Earlier this month, I expressed some puzzlement over the new GM “revivention’ ad campaign (and accompanying Web site). I was having a hard time deciding whether or not they ads seemed strange because, yknow, the ads are actually strange, or because GM was trying to navigate such unprecedented terrain: a brand that huge, and once so identified with American might, in bankruptcy.
But forget how they appeared to one guy (and to those who commented on said guy’s blog). Are the ads working?
Data provided by a company called Zeta Interactive suggests they might be.
Zeta has this thing that it calls “Zeta Buzz.” It's based on an algorithim scans much of what’s online—from blogs to message boards to social networking sites—to track whether brands and industries are getting good, ah, “buzz,” and calculates the ratio of positive mentions to negative mentions. (If I may digress: After we find new words for “content” and “monetize,” can someone get to work on renaming “buzz?” A weary nation will thank you.) Zeta’s findings on the car industry, which a company rep was kind enough to share, found that GM’s positive mentions online have picked up significantly in the two weeks since the ad began airing.
According to said Zeta rep, it’s sort of a good-news, bad-news situation:
The campaign strategy seems to be paying off, as GM buzz is currently at 73 positive and 27 percent negative over the past two weeks, compared to being only 59 percent positive in the month leading up to the campaign launch – a 14 percent positive buzz increase.
[In comparison] to Toyota, however, the GM brand still has a lot of catching up to do (no surprise there). Toyota’s buzz over the past month has remained consistently positive, coming in at 81 percent positive overall, and the overall volume of posts around the Toyota brand is 12 percent higher than GM.
If we widen the lens a bit and see how car brands have done with Zeta Buzz in the past 90 days, we see—interestingly--that Ford has done remarkably well, with a 76 percent “positive” buzz rating. Chrysler? Not so much. 64% positive. But that’s still better than GM, which over the past 90 days had 57 percent positive posts.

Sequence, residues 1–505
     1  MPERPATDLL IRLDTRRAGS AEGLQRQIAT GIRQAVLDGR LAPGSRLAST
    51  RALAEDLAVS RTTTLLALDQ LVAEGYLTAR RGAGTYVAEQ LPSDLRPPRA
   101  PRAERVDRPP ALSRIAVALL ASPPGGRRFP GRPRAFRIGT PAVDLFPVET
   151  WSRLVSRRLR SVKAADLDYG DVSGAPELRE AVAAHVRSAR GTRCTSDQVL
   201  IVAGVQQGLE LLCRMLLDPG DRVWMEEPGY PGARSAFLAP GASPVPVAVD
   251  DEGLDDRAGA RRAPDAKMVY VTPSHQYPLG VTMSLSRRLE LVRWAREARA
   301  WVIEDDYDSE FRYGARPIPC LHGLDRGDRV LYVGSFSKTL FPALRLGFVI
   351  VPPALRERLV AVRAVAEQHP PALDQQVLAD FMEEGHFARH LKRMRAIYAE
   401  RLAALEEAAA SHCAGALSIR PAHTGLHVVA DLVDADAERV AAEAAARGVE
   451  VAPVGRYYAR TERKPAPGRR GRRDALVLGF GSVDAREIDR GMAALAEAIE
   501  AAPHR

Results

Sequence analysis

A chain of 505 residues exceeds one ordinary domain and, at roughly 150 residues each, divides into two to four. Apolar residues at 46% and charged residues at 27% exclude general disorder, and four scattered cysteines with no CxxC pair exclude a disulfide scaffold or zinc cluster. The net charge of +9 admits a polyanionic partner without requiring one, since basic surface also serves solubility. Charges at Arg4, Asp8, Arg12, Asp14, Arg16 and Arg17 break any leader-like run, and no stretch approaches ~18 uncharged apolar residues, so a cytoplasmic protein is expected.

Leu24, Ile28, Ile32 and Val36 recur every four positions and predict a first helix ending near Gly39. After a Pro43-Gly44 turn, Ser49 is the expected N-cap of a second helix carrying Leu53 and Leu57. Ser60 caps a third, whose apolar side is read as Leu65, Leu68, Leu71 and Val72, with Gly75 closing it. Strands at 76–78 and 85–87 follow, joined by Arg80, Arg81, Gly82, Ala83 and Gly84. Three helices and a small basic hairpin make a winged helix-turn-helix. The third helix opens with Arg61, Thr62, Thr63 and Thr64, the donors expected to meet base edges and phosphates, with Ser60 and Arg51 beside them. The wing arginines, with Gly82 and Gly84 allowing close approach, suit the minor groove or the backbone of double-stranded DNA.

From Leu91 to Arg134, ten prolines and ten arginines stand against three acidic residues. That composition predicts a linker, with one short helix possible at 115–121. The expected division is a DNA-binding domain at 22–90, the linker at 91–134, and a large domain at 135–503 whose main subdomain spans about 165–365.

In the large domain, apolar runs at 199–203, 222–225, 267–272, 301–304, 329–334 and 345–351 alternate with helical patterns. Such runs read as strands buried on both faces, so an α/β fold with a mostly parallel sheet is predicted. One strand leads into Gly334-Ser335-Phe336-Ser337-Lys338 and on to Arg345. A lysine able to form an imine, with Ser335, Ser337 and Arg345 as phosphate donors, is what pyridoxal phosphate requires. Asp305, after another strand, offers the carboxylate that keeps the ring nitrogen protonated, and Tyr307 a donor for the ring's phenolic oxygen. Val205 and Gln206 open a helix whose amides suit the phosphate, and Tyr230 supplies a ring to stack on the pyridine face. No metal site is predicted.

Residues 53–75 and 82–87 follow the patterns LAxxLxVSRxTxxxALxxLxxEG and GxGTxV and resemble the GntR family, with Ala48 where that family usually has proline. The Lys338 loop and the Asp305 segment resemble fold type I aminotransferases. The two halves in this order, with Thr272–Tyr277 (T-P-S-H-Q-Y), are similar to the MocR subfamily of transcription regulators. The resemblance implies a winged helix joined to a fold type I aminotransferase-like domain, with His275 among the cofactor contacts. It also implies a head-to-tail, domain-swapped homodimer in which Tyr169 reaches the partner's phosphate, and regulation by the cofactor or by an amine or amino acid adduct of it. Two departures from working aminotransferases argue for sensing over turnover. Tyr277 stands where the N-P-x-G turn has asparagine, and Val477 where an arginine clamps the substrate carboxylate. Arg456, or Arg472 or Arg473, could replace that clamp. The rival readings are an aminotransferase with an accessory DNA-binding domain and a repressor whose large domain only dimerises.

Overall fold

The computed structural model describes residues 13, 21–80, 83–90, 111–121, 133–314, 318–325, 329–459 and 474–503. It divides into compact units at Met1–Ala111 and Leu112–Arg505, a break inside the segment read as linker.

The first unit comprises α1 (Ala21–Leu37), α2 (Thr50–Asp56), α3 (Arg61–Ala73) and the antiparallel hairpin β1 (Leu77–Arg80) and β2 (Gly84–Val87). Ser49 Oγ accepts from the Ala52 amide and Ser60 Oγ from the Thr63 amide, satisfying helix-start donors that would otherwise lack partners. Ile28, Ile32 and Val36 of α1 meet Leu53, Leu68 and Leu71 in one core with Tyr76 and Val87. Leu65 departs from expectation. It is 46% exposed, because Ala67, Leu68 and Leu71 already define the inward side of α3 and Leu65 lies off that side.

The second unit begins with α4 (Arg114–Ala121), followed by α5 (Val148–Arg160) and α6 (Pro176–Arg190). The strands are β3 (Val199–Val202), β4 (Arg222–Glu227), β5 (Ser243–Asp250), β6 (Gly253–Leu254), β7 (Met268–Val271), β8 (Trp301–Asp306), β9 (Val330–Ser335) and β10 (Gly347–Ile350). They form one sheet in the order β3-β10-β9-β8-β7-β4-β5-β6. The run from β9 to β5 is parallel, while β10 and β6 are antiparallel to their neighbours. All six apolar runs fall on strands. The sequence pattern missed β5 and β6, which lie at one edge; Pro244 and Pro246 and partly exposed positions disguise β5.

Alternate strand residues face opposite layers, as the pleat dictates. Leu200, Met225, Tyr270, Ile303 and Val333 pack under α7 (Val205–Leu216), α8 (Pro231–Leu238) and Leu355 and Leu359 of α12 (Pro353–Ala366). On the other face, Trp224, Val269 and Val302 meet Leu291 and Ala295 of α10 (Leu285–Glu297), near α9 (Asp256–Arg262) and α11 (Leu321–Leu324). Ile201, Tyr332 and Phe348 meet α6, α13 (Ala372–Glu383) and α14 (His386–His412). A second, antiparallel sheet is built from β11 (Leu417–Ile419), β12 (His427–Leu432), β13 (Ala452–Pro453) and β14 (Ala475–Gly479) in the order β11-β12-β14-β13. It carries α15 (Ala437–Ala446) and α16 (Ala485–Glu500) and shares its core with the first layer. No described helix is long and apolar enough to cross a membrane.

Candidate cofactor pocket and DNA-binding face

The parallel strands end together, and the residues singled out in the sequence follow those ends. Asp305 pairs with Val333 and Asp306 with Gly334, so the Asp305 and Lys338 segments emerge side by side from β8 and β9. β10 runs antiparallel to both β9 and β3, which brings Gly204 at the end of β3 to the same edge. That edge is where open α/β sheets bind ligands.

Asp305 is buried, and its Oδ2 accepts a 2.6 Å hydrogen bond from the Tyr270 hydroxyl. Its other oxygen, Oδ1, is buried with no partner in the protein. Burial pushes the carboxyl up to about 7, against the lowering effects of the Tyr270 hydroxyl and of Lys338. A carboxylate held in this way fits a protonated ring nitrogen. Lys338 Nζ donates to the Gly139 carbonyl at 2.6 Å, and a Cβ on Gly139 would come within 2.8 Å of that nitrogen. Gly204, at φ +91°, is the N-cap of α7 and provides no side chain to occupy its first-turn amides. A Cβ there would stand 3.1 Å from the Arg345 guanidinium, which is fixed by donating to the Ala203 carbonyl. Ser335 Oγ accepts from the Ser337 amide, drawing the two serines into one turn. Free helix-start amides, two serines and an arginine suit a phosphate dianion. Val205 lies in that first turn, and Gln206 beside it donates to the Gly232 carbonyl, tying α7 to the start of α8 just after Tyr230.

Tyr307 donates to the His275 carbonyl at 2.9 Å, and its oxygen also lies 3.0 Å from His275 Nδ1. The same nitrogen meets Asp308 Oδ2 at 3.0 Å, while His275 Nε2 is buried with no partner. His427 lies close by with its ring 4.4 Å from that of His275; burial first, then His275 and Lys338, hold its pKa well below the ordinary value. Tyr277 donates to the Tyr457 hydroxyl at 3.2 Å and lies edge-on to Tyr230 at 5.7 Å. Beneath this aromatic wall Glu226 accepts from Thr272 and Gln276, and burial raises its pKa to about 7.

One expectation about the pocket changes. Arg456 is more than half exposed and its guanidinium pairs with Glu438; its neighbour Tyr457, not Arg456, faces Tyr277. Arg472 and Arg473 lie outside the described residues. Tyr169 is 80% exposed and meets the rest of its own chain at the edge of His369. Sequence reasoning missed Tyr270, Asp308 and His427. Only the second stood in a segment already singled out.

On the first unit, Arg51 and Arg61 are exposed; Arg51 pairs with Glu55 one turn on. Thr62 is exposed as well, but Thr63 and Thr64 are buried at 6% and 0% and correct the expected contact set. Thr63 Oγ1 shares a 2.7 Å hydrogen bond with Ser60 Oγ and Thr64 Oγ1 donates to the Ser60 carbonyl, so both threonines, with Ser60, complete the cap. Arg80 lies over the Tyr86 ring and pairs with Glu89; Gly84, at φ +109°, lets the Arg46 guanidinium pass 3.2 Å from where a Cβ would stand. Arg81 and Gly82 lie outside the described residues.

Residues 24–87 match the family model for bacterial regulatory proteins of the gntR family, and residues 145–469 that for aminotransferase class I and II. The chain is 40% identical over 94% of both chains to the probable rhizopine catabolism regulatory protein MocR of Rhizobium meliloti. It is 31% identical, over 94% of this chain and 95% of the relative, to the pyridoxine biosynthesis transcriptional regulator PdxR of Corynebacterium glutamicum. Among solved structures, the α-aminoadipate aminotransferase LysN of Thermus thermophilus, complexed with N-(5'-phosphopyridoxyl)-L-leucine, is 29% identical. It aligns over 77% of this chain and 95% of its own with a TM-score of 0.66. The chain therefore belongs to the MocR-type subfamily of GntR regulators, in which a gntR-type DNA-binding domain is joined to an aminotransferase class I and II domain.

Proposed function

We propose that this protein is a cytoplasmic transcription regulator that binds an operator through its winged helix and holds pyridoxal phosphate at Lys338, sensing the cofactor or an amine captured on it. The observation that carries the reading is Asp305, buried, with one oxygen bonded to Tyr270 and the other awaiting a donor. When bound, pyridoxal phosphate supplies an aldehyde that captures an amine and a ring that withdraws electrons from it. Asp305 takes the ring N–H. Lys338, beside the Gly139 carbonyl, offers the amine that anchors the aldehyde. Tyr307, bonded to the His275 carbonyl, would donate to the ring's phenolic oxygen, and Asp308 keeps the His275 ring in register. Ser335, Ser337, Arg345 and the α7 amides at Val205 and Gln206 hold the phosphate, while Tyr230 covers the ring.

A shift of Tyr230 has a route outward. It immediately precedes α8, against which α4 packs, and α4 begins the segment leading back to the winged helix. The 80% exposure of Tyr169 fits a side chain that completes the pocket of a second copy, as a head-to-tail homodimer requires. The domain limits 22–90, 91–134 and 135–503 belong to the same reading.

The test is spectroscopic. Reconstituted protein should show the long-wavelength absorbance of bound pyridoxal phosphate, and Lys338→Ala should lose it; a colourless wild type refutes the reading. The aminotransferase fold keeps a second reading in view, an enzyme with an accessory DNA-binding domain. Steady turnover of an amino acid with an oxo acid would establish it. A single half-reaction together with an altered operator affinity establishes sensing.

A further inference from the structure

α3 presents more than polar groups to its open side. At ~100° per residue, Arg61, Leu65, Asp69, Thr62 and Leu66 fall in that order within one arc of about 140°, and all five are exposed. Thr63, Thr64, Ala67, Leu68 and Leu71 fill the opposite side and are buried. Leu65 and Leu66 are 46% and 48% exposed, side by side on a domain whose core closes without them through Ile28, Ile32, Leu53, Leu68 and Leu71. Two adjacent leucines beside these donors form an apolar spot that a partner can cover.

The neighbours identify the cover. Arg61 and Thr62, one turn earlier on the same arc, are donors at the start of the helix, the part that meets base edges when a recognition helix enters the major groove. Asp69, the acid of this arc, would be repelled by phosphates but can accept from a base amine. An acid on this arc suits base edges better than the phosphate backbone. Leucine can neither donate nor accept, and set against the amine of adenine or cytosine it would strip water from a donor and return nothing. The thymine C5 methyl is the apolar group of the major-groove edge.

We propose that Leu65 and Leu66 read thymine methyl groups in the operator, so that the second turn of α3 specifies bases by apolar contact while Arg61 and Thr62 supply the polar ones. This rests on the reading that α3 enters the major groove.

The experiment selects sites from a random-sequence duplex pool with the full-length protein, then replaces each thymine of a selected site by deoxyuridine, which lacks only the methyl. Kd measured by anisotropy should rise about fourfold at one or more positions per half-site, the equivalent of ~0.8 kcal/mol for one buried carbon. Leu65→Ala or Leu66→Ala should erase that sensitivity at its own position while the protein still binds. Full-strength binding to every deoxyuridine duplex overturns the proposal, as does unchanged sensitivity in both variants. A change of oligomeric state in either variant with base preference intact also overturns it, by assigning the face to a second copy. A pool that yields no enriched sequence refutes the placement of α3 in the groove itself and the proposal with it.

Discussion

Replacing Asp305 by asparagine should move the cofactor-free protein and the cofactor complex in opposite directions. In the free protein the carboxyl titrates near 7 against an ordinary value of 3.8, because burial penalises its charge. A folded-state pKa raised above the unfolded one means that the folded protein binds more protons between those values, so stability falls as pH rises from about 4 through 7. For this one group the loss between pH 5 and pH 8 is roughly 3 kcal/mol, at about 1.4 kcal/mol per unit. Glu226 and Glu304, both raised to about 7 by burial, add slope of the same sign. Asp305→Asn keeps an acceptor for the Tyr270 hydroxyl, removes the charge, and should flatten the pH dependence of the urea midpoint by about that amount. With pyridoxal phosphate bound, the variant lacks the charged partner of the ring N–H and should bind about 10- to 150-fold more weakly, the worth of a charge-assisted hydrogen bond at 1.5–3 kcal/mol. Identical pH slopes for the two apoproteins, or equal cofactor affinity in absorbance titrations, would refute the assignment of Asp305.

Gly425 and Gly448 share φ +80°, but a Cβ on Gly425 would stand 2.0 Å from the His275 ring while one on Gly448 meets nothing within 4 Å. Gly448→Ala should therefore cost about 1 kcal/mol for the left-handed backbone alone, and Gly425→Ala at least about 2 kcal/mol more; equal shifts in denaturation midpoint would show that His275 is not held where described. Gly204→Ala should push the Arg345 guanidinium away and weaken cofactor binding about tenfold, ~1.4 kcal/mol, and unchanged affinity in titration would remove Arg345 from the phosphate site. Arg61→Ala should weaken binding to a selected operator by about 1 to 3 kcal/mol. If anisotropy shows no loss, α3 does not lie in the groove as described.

But! This means that in the period after the “Reinvention” ad campaign launched, by Zeta’s metric GM is remarkably outperforming its prior performance.
(In case you’re wondering, Toyota outclassed the field again over the 90 day timeframe, with 83 percent positive posts versus 17 percent that were negative.)
Now, are all of GM’s recent gains due to the ad campaign? Of course not. GM’s situation is not neatly vacuum-sealed from any other influence. It is the subject of a massive, complicated, and multileveled story playing out in real time. And it’s plausible that the natural pendulum swing of the news cycle has, moved slightly away from GM being broken and beaten-down since the bankruptcy filing: the one true bias of news organizations is to look for a countervailing narrative when the storyline gets too familiar.
Nevertheless, no matter what I or other commentators wrote about it, it bodes better for the “reinvention” campaign that GM’s chatter is trending in this direction, rather than the other one.